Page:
A mystery source at AT&T is allegedly reporting that AT&T is informing regional executives on an individual basis of upcoming changes to AT&T's data network. The changes are supposedly to increase the networks ability to handle large increases in traffic that they expect to see following the release of some "unannounced" devices and future ones that will use "heavy data".
Talk of a Verizon iPhone settled down in recent months, but Peter Misek is re-igniting the fire, predicting that it is a likely announcement for the coming Apple media event. The Canaccord Adams analyst says that it will likely be alongside an introduction to iPhone OS 4.0 at the event scheduled to take place at the Yerba Buena Center for the Arts in San Francisco. Steve is known for his signature "One more thing..." announcements, often saving some of the most impressive or surprising announcements for last, and Misek believes his next one will be a Verizon iPhone, according to intel from "industry sources".
AT&T has announced they are dropping the price of their unlimited voice and data plan for smartphones by $30. The new pricing becomes available on Monday, January 18, for all new customers. Best of all, current customers subscribed to that plan can switch to the new pricing without any additional cost or time added to their contract.
AT&T has announced that they have completed the upgrades to their 3G cell sites that will bring all of their sites nationwide up to date with the faster 7.2 Mbps data speeds, double that of the current standard for most networks. Users won't see a change in speeds just yet, however, as they still need to upgrade their backhaul connections for the speed improvements to take effect.
AT&T isn't the only wireless carrier to see its network strained by iPhone traffic. Over the course of 2009, UK-based carrier O2 reportedly faced the same technical challenges for the past six months. Since the iPhone's release, O2's London network has seen an 18-fold increase in traffic from the iPhone, the network itself crashing numerous times since the summer.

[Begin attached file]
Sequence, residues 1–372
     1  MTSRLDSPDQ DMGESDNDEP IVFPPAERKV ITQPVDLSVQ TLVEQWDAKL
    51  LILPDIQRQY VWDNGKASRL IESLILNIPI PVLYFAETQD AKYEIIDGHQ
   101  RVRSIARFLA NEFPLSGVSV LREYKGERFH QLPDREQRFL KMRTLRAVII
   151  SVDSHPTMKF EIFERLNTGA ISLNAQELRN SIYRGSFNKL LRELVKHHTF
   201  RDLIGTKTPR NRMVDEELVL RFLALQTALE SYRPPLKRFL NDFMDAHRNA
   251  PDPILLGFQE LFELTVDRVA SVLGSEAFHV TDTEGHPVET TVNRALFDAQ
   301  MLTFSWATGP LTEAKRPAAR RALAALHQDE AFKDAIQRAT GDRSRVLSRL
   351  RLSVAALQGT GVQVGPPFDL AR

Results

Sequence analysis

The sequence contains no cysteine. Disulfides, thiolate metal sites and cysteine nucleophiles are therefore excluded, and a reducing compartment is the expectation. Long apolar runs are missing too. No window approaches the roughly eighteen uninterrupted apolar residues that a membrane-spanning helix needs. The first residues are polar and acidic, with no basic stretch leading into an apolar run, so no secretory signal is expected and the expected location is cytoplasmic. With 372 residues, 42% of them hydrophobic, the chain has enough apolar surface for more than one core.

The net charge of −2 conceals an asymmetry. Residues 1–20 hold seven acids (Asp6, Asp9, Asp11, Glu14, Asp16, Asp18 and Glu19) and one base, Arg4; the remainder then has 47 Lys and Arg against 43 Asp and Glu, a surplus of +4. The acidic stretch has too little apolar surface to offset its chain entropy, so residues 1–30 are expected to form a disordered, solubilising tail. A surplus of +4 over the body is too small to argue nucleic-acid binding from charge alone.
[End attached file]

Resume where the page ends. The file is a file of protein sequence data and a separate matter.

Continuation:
The carrier has stated that a $48 million investment in its London network has eased the problems and allowed for deployment of 200 extra mobile stations.
AT&T has halted all online sales of new iPhone handsets for all persons registered as residing in New York City. Anyone with a zip code registered in New York has not been able to purchase an iPhone online. It has been confirmed in various calls, and attempts to make an online purchase with a NY zip code have failed. An AT&T representative has said over the phone that it was to avoid increasing the strain on AT&T's network in that area, but further comments point to the possibility of online sales fraud as the culprit.
AT&T has made a second attempt to back off the statement made by Ralph de la Vega that the company was considering employing "financial incentives" to discourage heavy data usage in some areas. Now Mr. de la Vega says we've misinterpreted his statement, and that it was blown greatly out of proportion by the media.
Gizmodo has compiled the data collected from their large-scale crowd-source test of 3G networks in and around 12 areas, including 11 major cities in the continental United States. Surprisingly, despite all of the bad press they've been getting, AT&T's network proved the best of the bunch.
AT&T has issued a public statement in response to criticisms that they have been skimping on capital expenditure spending to improve network infrastructure since the launch of the iPhone. In an attempt to fend off the barrage of bad press in recent weeks surrounding their questionable network coverage, AT&T says that their overall corporate expenditures don't reflect relative changes in spending on their wireless network infrastructure, but are the cumulative spending on all of their ventures, including wireline networks and other areas.
Verizon, the largest wireless provider in the U.S., is reportedly investing in its network to make it capable of handling extra traffic from Apple's iPhone, a company official said. Recently, Anthony Melone, Verizon Wireless' chief technology officer, said his company is prepared if Apple decides to end its exclusive agreement with AT&T in 2010.
"We have put things in place already," Melone reportedly said. "We are prepared to support that traffic." The company official did not, however, comment on the prospect of the iPhone becoming available on Verizon.